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Biotechnol Bioeng. 2011 Jul;108(7):1521-8. doi: 10.1002/bit.23101. Epub 2011 Mar 11.

Glucose oxidase-mediated polymerization as a platform for dual-mode signal amplification and biodetection.

Author information

1
Department of Chemical and Biological Engineering, ECCH 111, UCB 424, University of Colorado, Boulder, Colorado 80309-0424, USA.

Abstract

We report the first use of a polymerization-based ELISA substrate solution employing enzymatically mediated radical polymerization as a dual-mode amplification strategy. Enzymes are selectively coupled to surfaces to generate radicals that subsequently lead to polymerization-based amplification (PBA) and biodetection. Sensitivity and amplification of the polymerization-based detection system were optimized in a microwell strip format using a biotinylated microwell surface with a glucose oxidase (GOx)-avidin conjugate. The immobilized GOx is used to initiate polymerization, enabling the detection of the biorecognition event visually or through the use of a plate reader. Assay response is compared to that of an enzymatic substrate utilizing nitroblue tetrazolium in a simplified assay using biotinylated wells. The polymerization substrate exhibits equivalent sensitivity (2 µg/mL of GOx-avidin) and over three times greater signal amplification than this traditional enzymatic substrate since each radical that is enzymatically generated leads to a large number of polymerization events. Enzyme-mediated polymerization proceeds in an ambient atmosphere without the need for external energy sources, which is an improvement upon previous PBA platforms. Substrate formulations are highly sensitive to both glucose and iron concentrations at the lowest enzyme concentrations. Increases in amplification time correspond to higher assay sensitivities with no increase in non-specific signal. Finally, the polymerization substrate generated a signal to noise ratio of 14 at the detection limit (156 ng/mL) in an assay of transforming growth factor-beta.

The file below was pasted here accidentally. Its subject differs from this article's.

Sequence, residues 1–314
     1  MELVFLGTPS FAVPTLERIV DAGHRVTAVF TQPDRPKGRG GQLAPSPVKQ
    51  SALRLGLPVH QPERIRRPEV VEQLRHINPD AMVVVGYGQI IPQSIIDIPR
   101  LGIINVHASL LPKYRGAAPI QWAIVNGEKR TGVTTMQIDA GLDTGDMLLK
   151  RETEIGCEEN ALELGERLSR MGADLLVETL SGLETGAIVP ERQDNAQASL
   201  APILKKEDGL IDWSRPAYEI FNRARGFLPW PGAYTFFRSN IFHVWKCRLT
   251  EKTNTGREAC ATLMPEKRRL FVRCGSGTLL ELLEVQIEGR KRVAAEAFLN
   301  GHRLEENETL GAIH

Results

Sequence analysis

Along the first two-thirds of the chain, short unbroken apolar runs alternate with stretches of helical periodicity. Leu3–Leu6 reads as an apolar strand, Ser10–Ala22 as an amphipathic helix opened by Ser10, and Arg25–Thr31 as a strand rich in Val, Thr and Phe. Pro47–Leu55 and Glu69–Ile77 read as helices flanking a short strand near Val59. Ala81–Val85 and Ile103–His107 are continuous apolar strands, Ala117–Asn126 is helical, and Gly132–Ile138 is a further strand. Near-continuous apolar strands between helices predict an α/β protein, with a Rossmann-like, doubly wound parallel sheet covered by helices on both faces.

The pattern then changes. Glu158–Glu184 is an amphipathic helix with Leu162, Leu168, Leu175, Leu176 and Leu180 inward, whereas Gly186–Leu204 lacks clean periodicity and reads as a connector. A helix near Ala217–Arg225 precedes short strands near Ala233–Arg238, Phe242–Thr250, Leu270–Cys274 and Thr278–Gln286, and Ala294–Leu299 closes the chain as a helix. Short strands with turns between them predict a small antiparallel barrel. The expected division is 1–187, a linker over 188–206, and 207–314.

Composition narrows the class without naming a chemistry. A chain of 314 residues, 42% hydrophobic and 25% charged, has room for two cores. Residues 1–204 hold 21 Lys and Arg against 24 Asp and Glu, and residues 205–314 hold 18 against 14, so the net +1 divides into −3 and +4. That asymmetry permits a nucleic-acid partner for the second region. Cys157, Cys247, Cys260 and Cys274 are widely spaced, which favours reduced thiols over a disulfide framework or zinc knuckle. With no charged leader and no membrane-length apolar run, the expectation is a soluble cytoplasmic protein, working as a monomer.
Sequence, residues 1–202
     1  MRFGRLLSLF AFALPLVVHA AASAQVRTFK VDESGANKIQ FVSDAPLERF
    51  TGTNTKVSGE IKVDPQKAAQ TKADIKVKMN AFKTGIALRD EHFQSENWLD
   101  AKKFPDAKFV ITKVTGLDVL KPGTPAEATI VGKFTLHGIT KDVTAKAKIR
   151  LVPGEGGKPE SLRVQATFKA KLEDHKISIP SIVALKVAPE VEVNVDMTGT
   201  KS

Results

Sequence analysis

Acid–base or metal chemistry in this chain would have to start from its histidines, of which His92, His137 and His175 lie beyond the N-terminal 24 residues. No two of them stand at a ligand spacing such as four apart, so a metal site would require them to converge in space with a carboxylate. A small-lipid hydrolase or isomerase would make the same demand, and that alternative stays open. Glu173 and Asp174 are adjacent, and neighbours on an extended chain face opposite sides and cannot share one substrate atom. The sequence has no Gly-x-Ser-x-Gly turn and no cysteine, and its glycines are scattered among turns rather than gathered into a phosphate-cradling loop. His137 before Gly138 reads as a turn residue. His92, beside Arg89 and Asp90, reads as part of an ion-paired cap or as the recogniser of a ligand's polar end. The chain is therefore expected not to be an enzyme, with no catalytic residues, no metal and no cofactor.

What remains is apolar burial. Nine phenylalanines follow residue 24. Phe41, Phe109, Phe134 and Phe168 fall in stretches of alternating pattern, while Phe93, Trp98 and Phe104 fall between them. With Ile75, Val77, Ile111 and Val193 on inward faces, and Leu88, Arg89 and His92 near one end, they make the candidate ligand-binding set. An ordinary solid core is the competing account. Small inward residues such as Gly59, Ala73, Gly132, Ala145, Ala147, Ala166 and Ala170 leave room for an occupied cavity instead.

PMID:
21337335
PMCID:
PMC3098304
DOI:
10.1002/bit.23101
[Indexed for MEDLINE]
Free PMC Article

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